Renee Kemp-Rotan is the Principal and CEO of studiorotan a civic design/civic engagement. Her work is devoted to urban design, cultural heritage, and the power of design to impact social change. She has served 10 mayors as the Urban Policy Advisor in major U.S. cities, such as Washington, New York City, Atlanta, and most recently, Birmingham, where she was the Director Capital Projects. Kemp-Rotan also served as Director of Master Planning for Birmingham’s award-winning $22M Railroad Reservation Park and the innovative Birmingham Civil Rights Heritage Trail. Most recently, Kemp-Rotan served as Professional Competition Advisor for The Africatown International Design Idea Competition—one of the largest multi-site competitions in the world, launched Juneteenth 2020. The competition, seed funded by AIA, NOMA and A Better Place Fdn. awarded international winners in 2023. Presently, she is working on a Design Grant from the NEA and masterplans for small Black Towns and Settlements chartered after the Civil War. She is also competing in numerous national competitions on Slave Memorials throughout the US.

Alan Michelson, is an internationally recognized New York-based artist, curator, writer, lecturer and Mohawk member of the Six Nations of the Grand River. For over 30 years, he has been a leading practitioner of a socially engaged, critically aware, site-specific art grounded in local context and informed by the retrieval of suppressed histories. Recent exhibitions include the 14th Gwangju Biennale, Enmeshed at the Tate Modern, and Greater New York 2021 at MoMA/PS1. His solo exhibition Alan Michelson: Wolf Nation was presented at the Whitney Museum of American Art in 2019. His diverse practice includes award-winning public art, and Mantle, his permanent, site-specific monument honoring Virginia’s Indian nations was dedicated at the capitol in Richmond in 2018. Michelson was co-founder and co-curator of the groundbreaking Indigenous New York series with the Vera List Center for Art and Politics at the New School, on whose board he currently serves, and he is a curatorial advisor of the global Indigenous initiative aabaakwad.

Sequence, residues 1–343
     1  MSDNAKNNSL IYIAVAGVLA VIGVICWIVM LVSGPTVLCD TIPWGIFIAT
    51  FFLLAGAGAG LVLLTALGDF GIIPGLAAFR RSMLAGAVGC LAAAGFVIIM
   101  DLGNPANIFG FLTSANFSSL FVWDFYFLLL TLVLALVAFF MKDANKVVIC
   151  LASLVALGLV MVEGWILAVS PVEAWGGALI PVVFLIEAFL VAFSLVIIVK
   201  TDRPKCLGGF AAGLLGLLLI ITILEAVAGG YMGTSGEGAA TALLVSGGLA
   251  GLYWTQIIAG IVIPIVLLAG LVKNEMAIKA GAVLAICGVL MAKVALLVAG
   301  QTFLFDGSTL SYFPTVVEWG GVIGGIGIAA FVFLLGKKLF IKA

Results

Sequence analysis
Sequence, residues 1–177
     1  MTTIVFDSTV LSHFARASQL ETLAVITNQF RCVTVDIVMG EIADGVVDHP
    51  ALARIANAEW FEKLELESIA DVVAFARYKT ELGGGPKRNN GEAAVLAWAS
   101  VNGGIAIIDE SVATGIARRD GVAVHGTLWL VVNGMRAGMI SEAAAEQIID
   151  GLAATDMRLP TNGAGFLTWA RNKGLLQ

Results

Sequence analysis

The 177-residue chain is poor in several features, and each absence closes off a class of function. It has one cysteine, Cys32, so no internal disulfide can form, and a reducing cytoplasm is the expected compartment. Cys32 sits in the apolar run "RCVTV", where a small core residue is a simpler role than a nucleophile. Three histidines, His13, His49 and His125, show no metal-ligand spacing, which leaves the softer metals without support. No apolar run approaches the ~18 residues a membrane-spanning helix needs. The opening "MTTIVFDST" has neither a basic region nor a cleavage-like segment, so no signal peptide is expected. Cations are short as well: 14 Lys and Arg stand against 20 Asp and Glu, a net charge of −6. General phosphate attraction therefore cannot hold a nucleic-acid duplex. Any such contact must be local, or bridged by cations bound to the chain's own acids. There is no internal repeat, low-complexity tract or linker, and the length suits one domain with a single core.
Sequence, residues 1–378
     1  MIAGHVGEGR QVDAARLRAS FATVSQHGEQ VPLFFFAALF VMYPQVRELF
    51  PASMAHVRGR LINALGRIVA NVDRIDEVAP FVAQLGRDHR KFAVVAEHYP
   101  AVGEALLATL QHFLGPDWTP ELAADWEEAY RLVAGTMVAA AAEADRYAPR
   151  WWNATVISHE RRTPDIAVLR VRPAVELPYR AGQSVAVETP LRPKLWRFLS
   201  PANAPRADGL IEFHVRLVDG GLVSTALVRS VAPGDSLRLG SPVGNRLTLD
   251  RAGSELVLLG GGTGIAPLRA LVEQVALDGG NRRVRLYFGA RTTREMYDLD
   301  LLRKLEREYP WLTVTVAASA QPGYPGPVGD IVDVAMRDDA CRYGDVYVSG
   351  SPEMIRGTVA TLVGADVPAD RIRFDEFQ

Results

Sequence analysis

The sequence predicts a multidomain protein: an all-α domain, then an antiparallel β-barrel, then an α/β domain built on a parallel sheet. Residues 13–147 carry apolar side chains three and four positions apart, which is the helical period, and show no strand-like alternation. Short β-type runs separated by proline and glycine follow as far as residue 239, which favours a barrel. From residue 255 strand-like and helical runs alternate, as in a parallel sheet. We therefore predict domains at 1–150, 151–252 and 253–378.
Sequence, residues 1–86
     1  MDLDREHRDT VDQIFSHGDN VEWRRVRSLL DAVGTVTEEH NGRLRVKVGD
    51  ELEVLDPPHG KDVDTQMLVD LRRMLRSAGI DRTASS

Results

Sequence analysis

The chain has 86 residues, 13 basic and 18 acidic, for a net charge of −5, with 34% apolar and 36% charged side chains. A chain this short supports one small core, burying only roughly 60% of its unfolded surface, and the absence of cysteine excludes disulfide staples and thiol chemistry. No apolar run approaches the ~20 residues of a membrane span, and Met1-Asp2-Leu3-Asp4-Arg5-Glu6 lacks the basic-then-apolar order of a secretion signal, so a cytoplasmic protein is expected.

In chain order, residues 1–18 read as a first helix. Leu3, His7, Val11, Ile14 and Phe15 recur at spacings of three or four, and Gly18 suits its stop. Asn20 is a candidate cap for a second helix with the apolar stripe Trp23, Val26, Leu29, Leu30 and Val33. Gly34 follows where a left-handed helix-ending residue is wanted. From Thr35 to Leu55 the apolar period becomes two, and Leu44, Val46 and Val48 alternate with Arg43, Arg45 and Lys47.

Ann Marie Baranowski is the Founding Principal of her eponymous NYC-based architecture firm, Ann Marie Baranowski Architects (AMBA). Her practice is founded on the belief that culture as an investment embedded in the built environment is as essential as the physical infrastructure of our buildings and cities. Offering specialized services in Planning, Public Space + Art, and Architecture, Baranowski focuses on the intersection of public space and public art. Working in the public realm, she has partnered on significant buildings that set a national example for enriching urban life. As Consultant the Daniel K. Inouye International Airport in Oahu, Hawaii, AMBA established the preliminary public art and design guidelines for the renewal of the main terminal. For the New York Metropolitan Transportation Authority, Baranowski coordinated important public art installations for the Fulton Center and the South Ferry Terminal. As the Museum Architect for the Brooklyn Museum of Art, she directed the planning and implementation of the Museum’s $32M Eastern Parkway Entrance to renew the Museum’s identity.

Please note: Guests accessing the livestream will NOT be eligible for CES credits. Watch the livestream here.

Organized by
AIANY Cultural Facilities Committee
  • Lead Sponsor
  • This event is also made possible by the 2024 President’s Circle.

Installation View of 14th Gwangju Biennale
Installation View of 14th Gwangju Biennale. Photo: Alan Michelson Midden (2021).
5/6/24, 6pm - 8pm
Center for Architecture
Group 6 Created with Sketch.